Advanced DNA analysis just confirmed the identity of Sitting Bull's great-grandson. Following over a decade of research into the topic matter, we officially know who the Native American leader's living relatives are. Here are all of the details.
Professor Eske Willerslev of the University of Cambridge's Department of Zoology has spent the last fourteen years trying to prove Ernie Lapointe's relation to the legendary leader Tatanka Iyotake, better known as Sitting Bull. "Sitting Bull has always been my hero, ever since I was a boy. I admire his courage and his drive," Willerslev shared. So when the researcher heard that the Smithsonian Museum was returning the historical figure's hair to Ernie, who claimed to be Iyotake's great-grandson, Eske didn't hesitate in reaching out.
"I wrote to Lapointe and explained that I specialized in the analysis of ancient DNA and that I was an admirer of Sitting Bull, and I would consider it a great honor if I could be allowed to compare the DNA of Ernie and his sisters with the DNA of the Native American leader's hair when it was returned to them," Professor Willerslev recalled. And after getting the approval, he spent over a decade doing the work.
Eske and his team used a method of analyzing family relations that requires only fragments of DNA from Sitting Bull's hair. "Autosomal DNA is our non-gender-specific DNA," he detailed. "We managed to locate sufficient amounts of autosomal DNA in Sitting Bull's hair sample and compare it to the DNA sample from Ernie Lapointe and other Lakota Sioux - and were delighted to find that it matched."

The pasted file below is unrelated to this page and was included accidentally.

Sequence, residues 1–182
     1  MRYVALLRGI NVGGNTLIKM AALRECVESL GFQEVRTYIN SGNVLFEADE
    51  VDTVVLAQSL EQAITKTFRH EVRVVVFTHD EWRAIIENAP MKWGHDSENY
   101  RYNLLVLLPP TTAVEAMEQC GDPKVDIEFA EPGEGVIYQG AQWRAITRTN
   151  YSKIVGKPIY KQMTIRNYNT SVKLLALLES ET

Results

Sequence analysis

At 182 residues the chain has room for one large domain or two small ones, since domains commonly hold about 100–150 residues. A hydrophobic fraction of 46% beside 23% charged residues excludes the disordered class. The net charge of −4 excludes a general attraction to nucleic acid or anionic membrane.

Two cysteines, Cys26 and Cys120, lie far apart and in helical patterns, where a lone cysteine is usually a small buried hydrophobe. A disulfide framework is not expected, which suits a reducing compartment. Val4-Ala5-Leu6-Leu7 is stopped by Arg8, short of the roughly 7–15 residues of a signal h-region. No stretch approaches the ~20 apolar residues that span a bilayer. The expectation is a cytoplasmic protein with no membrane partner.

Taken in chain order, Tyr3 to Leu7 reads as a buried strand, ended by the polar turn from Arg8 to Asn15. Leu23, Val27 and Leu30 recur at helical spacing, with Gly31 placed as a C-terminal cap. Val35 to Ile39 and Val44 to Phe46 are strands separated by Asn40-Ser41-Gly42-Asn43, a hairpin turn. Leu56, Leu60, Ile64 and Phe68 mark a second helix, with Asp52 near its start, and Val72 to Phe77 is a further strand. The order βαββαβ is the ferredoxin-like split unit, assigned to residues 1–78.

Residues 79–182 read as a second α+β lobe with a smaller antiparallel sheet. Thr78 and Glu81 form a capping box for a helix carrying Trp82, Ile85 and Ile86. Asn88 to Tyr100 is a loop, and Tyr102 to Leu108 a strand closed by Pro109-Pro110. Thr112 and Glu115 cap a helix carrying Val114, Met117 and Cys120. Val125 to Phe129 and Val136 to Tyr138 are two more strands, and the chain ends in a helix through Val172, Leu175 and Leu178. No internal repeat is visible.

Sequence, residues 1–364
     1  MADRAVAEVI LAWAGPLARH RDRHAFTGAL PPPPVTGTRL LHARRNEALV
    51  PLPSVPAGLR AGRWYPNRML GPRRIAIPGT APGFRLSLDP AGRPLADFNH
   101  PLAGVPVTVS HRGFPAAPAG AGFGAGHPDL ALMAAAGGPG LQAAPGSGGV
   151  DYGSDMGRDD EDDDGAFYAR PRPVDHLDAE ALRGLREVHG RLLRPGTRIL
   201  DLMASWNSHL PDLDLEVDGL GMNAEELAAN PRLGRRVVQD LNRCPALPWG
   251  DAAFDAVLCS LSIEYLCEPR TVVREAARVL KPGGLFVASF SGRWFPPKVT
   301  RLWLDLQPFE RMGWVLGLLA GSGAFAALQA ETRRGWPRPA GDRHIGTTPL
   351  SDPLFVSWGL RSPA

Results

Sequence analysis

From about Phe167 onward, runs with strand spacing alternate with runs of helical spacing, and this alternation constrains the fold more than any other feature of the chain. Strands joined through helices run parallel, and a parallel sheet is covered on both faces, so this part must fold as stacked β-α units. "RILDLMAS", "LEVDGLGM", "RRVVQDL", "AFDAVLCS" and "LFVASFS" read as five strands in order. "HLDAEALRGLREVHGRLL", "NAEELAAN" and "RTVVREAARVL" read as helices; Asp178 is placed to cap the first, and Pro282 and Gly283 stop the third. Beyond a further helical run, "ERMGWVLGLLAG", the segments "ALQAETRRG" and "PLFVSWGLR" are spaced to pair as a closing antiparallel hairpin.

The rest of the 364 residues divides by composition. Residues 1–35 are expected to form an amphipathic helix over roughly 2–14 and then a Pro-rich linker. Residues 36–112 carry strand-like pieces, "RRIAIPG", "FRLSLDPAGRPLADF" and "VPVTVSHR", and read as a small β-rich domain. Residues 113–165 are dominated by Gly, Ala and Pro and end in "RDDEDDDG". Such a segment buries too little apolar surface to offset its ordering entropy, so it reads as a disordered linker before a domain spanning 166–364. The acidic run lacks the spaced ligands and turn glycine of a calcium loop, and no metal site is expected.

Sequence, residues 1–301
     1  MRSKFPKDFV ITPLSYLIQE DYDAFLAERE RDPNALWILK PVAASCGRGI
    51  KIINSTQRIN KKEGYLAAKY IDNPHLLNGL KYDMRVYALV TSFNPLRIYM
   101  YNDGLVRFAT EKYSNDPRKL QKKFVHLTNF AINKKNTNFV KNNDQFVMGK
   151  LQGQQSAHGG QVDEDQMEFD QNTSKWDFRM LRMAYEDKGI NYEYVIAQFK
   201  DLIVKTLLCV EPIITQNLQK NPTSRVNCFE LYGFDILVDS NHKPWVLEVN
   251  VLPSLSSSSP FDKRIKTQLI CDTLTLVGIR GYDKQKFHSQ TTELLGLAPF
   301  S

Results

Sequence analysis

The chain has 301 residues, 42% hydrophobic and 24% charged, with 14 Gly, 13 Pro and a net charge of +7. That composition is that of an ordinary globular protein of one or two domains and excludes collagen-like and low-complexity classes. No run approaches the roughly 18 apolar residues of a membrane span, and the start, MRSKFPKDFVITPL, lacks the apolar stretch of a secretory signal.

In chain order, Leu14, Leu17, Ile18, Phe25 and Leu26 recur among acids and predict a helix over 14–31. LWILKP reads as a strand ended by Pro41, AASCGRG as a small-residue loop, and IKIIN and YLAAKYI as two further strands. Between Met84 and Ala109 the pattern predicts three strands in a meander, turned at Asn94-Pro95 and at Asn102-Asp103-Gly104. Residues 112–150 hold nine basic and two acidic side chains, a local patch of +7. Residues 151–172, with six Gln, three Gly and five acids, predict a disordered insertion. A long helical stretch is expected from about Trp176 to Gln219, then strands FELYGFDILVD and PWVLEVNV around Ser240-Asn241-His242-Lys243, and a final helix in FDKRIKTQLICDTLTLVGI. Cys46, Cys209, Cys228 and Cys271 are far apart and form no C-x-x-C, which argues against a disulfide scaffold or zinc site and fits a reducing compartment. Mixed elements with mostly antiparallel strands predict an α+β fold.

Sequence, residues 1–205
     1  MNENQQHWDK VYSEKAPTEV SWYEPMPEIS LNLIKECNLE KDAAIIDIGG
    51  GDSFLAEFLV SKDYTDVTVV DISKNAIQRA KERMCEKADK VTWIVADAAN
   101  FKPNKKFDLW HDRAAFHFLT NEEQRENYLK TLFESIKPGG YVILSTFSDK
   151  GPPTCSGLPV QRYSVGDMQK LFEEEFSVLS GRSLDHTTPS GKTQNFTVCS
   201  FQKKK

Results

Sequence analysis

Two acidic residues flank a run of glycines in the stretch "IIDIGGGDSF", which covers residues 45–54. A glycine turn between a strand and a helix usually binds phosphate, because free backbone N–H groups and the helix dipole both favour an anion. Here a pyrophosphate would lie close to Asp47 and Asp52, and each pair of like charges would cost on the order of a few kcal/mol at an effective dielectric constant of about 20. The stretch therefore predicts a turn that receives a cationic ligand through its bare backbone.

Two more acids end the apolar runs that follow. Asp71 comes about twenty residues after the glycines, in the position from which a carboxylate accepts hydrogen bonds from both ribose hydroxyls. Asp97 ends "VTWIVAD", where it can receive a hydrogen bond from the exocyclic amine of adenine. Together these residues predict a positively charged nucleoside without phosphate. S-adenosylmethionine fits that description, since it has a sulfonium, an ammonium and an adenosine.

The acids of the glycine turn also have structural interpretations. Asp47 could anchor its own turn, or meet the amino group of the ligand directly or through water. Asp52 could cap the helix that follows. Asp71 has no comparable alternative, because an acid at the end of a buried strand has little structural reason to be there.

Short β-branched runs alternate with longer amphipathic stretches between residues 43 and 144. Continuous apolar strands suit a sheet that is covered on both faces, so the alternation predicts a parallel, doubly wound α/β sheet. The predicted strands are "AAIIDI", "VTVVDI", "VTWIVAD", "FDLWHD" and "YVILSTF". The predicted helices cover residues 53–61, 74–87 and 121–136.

For the Lapointe siblings, this confirmation ends a years-long battle over their identities, which have been doubted by strangers. "Over the years, many people have tried to question the relationship that I and my sisters have to Sitting Bull," Ernie said. The proud great-grandson hopes the DNA confirmation will aid him in his quest to rebury the late leader's bones, which are currently found in sites with no cultural connection to the Lakota Sioux community.
Ernie and his sisters aren't the only ones who will get some closure from the new DNA technology. A whole array of limited genetic data will now be up for analysis. "In principle, you could investigate whoever you want - from outlaws like Jesse James to the Russian tsar's family, the Romanovs. If there is access to old DNA - typically extracted from bones, hair, or teeth - they can be examined in the same way," said Willerslev.
You can read more about the groundbreaking work on the University of Cambridge website.